The folklore of small things: Tradition in group culture

Gary A Fine*

*Corresponding author for this work

Research output: Contribution to journalArticlepeer-review

Abstract

To understand the intersection of tradition and Performance, folklore requires a robust theory of how smallgroup culture shapes the creation and retention of expressive forms. Community depends on the activity of groups in which participants believe that they have shared pasts and prospective futures, hold a common identity, engage in Joint activities, and are found together. It is through the practices of individuals working together, sharing interpretive frameworks and constructing Joint meaning, that Community and collective action is possible. The relations that are established among people and between groups - the existence of a set of interaction Orders - allows the continuation of Community. In this, participants incorporate stability, innovation, and even conflict, as long as there exists a recognized commitment to the group and its culture.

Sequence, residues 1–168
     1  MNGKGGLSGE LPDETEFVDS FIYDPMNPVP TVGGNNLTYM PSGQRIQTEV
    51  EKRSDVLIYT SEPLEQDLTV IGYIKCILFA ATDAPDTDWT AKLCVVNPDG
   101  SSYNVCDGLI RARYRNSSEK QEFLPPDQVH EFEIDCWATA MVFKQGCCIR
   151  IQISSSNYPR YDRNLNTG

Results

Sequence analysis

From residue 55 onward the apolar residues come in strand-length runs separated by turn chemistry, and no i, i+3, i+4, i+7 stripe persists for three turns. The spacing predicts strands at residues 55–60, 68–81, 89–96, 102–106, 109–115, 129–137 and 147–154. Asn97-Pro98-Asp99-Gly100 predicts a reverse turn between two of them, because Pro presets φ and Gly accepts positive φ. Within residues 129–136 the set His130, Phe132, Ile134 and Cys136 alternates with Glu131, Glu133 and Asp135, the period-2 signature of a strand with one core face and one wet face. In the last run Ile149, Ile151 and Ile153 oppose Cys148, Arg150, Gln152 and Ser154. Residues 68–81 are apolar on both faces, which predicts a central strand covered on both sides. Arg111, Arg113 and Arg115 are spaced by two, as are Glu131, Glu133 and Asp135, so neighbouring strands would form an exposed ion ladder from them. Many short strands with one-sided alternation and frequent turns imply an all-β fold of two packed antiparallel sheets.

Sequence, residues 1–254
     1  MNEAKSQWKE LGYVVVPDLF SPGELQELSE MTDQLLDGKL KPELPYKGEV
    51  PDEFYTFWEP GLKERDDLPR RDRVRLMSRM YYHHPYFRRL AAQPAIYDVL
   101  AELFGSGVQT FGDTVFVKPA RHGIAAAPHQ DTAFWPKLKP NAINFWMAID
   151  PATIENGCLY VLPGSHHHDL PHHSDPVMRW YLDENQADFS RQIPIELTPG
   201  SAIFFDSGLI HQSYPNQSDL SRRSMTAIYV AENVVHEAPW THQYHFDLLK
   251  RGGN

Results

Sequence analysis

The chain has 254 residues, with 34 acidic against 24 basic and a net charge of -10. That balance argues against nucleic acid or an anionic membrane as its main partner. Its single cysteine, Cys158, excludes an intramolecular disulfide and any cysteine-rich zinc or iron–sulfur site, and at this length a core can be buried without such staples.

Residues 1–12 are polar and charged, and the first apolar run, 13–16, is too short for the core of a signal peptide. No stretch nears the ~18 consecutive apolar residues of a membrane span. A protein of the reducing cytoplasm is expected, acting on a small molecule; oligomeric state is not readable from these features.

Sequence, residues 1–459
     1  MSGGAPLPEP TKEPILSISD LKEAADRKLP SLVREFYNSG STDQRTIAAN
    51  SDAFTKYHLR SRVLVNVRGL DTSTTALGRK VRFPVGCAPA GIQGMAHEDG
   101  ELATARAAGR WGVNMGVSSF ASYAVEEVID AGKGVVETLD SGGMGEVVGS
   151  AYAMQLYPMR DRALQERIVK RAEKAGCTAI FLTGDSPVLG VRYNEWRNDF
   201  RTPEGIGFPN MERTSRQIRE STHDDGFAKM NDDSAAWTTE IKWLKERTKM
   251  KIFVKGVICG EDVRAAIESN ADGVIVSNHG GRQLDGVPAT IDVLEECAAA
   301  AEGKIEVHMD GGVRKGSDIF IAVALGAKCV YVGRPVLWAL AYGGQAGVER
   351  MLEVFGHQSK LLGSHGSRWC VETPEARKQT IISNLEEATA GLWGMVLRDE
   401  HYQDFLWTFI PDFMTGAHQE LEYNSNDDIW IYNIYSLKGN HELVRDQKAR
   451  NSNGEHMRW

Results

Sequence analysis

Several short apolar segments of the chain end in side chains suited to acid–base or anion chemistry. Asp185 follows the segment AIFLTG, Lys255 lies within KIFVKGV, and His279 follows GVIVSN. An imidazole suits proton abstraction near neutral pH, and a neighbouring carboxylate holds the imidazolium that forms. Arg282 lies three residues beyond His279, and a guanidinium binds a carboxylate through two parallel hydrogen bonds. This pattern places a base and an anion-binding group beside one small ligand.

Original languageEnglish (US)
Pages (from-to)5-27
Number of pages23
JournalWestern Folklore
Volume77
Issue number1
StatePublished - Dec 1 2018

Keywords

  • Community
  • Folklore Theory
  • Idioculture
  • Performance
  • Small Groups

ASJC Scopus subject areas

  • Cultural Studies
  • Anthropology
  • History
  • Visual Arts and Performing Arts

Fingerprint Dive into the research topics of 'The folklore of small things: Tradition in group culture'. Together they form a unique fingerprint.

Cite this